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Darío A. Rueda, Luisina Aballay, Lisandro Orbea, Diego A. Carrozza, Paola Finocchietto, Silvia B. Hernandez, Mariano M. Volpacchio, Horacio di Fonzo
(Department of Internal Medicine, Hospital de Clínicas “Jose de San Martin”, University of Buenos Aires, Buenos Aires, Argentina)
Am J Case Rep 2017; 18:1396-1400
Fitz-Hugh-Curtis (FHC) syndrome is a perihepatitis linked to inflammatory pelvic disease. It can be caused by Neisseria gonorrhoeae or Chlamydia trachomatis infections. FHC syndrome usually presents with pain in the right hypochondrium and fever, associated with symptoms and signs of pelvic infection in women.
CASE REPORT: We present the case of a 22-year-old woman with systemic lupus erythematous (SLE) who presented with polyarthritis, cutaneous lesions, and abdominal pain. The diagnosis of FHC syndrome was based on the findings of abdominal computerized tomography (CT) and the isolation of Neisseria gonorrhoeae (NG) in blood cultures. The association of arthritis and cutaneous lesions was diagnosed as a syndrome of arthritis-dermatitis, also caused by systemic NG infection. The patient had a favorable outcome with antibiotic treatment.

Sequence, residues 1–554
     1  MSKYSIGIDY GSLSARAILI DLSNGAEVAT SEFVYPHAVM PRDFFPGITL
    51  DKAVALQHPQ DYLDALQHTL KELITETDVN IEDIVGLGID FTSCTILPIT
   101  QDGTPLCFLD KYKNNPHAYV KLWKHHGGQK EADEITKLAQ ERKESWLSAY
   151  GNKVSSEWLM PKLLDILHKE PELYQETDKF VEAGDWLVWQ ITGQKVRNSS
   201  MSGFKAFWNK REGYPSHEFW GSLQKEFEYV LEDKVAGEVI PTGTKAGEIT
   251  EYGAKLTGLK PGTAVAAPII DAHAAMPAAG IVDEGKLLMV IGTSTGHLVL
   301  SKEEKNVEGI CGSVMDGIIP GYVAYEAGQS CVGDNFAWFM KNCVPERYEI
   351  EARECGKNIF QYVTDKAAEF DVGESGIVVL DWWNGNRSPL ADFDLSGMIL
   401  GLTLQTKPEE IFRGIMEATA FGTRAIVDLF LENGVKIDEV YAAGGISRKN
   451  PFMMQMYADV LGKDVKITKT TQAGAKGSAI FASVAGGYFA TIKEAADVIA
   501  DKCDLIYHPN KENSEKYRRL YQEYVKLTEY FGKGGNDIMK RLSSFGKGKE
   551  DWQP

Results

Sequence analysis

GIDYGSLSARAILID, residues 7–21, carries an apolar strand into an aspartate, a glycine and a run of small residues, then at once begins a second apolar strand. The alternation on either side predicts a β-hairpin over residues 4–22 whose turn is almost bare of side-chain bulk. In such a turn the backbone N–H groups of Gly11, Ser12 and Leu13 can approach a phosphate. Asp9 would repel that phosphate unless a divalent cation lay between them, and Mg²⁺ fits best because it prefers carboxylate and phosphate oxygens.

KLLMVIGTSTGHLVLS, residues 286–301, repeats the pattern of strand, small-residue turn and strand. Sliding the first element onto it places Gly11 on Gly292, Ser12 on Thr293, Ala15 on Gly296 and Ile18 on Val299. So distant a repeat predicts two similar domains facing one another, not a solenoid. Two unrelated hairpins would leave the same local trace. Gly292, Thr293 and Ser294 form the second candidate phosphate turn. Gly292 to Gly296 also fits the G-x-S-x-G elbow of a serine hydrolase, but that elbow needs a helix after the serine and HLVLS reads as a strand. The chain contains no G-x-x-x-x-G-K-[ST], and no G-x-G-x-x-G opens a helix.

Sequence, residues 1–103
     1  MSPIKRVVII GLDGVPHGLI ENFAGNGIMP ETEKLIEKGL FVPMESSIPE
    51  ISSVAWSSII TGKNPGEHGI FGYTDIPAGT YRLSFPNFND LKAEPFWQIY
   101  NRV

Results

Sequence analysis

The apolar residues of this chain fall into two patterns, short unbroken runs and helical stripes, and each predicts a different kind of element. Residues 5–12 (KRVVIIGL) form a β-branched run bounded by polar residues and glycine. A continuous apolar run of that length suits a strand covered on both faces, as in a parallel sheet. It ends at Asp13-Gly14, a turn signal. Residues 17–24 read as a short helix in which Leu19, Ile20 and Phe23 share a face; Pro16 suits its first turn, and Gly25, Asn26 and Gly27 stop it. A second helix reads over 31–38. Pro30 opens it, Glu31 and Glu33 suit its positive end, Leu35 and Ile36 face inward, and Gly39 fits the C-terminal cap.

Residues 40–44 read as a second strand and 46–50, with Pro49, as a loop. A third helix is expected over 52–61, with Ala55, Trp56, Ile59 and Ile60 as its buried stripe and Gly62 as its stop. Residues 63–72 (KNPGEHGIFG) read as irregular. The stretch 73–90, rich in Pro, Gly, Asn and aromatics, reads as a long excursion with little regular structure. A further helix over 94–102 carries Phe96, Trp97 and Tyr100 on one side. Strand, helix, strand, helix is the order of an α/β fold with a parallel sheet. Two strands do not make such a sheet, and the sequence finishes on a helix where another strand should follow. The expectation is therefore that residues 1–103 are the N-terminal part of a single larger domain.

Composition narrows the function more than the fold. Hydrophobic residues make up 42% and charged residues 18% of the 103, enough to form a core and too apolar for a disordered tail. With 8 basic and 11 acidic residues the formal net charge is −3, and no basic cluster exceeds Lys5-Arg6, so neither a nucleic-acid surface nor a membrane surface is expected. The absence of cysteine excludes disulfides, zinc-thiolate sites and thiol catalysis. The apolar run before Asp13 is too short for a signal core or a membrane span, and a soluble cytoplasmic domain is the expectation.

CONCLUSIONS: FHC syndrome should be considered in sexually active young patients, mainly women, with pelvic infection and perihepatitis. It may be caused by disseminated gonococcal infection. An important risk factor is the serum complement deficit, which may predispose to severe forms. Low serum complement level is a frequent manifestation of active SLE. CT images showing the typical findings of perihepatitis allow making the correct diagnosis.